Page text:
In almost the same way that Hemingway had written many years before her, McLain makes reference to the affair with Pauline that insidiously evolved in Hadley’s home and almost under her nose. The writing in  McLain’s Preface to The Paris Wife seems like an extension of the comments that Hemingway made about his adulterous relationship with Pauline, and in that regard, I believe that McLain has produced an excellent example of historical fiction–one that is worthy of studyingmore carefully.

Quotes from The Paris Wife

“This isn’t a detective story–not hardly. I don’t want to say, Keep watch for the girl who will come along and ruin everything, but sh’s coming anyway, set on her course in a gorgeous chipmunk coat and fine shoes, her sleek brown hair bobbed so close to her well-made head she’ll seem like a pretty otter in my kitchen. Her easy smile. Her fast smart talk [p. xi] … Ernest will read his book and care nothing for her. Not at first. And the tea will boil in the teapot, and I’ll tell a story about a girl she and I both knew a hundred years ago in St. Louis, and we’ll feel like quick and natural friends while across the yard, in the sawmill, a dog will start barking and keep barking and he won’t stop for anything.” McLain, Paula. The Paris Wife, pgs. xi-xii.

A List of Hemingway’s Wives

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Hemingway was married to Hadley Richardson from 1921 – 1927

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Hemingway was married to Pauline Pfeiffer from 1927 – 1940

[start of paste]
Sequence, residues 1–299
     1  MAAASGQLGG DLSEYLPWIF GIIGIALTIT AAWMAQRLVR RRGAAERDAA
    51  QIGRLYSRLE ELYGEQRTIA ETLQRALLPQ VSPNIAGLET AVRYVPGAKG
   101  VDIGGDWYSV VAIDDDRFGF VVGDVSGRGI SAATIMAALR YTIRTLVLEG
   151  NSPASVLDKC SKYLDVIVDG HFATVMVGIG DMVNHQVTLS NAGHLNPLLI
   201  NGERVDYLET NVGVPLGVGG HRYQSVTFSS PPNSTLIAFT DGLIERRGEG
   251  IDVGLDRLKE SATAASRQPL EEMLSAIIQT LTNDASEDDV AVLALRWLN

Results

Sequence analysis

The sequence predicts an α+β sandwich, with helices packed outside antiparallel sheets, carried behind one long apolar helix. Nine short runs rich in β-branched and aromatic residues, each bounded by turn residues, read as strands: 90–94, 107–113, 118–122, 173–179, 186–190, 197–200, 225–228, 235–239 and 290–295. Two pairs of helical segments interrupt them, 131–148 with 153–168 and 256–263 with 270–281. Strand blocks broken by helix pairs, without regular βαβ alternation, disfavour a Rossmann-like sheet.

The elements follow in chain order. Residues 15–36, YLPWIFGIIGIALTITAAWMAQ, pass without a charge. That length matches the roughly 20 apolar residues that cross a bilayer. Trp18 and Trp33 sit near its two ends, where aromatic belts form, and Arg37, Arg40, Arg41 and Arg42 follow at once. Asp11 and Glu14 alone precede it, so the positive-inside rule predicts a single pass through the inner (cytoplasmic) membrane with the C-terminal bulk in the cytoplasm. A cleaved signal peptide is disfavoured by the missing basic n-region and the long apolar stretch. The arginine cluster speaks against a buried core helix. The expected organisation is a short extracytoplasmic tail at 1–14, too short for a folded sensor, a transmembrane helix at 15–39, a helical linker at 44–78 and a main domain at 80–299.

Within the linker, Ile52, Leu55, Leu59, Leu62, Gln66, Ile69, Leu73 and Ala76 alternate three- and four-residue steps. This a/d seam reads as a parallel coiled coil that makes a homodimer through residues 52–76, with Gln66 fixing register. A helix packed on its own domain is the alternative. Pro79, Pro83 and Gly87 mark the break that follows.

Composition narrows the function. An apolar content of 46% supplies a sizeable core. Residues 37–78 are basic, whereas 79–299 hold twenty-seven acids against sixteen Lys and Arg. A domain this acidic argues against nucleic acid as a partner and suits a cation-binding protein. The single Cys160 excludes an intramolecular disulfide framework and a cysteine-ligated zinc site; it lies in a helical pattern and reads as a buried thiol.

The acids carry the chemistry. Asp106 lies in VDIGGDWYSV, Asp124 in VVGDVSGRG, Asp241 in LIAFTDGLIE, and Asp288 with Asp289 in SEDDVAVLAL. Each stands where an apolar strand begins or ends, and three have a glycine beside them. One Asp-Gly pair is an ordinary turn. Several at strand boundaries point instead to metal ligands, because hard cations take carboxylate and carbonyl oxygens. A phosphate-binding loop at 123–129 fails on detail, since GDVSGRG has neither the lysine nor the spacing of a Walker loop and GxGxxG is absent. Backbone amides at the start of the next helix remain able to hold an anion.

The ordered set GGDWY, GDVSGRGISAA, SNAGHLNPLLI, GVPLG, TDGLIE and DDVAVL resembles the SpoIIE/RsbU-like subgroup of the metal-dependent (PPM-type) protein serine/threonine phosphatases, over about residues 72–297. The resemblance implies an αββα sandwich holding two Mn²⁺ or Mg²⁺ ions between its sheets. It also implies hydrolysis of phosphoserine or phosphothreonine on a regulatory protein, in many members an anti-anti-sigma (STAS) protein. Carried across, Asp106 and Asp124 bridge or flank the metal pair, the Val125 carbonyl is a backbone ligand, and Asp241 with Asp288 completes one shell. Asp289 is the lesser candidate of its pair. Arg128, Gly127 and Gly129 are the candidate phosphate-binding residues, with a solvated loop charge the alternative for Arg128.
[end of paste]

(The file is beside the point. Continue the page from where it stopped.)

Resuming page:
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Hemingway was married to Martha Gelhorn from 1940 – 1945

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Hemingway married Mary Welsh from 1946 until . . .
The above photo was taken in 1959 –  Spain,

I read A Moveable Feast, and  I read The Paris Wife immediately after I read Feast, and I  had questions about Why. . .

Why did Hemingway, several wives and several years later, feel compelled to write A Moveable Feast?

For several years, Hemingway worked on his book A Memorable Feast, but he finished it when he was married to his fourth wife Mary Welsh. The book was first published in 1964, In a Note inside the book, Mary Welsh said the following:

“Ernest started writing this book in Cuba in the autumn of 1957, worked on it in Ketchum, Idaho, in the winter of 1958-59, took it with him to Spain when we went there in April, 1959, and brought it back with him to Cuba and then to Ketchum late that fall. He finished the book in the spring of 1960 , Cuba….
It concerns the years 1921 to 1926 in Paris.” M. H. Note added to the front of A Moveable Feast by Ernest Hemingway.

Hemingway finished the book A Moveable Feast in the spring of 1960 . In 1961, Hemingway bought a home in Ketchum, Idaho, and he committed suicide there in July of 1961. 

I have only begun to research these facts, but it would seem to me that even though Hemingway was unfaithful to Hadley and even though his adultery ended his marriage, Hemingway’s divorce did not stop Hemingway from continuing to think about Hadley–probably not until his death.

William Faulkner said:

“The past is never dead. It’s not even past.” – William Faulkner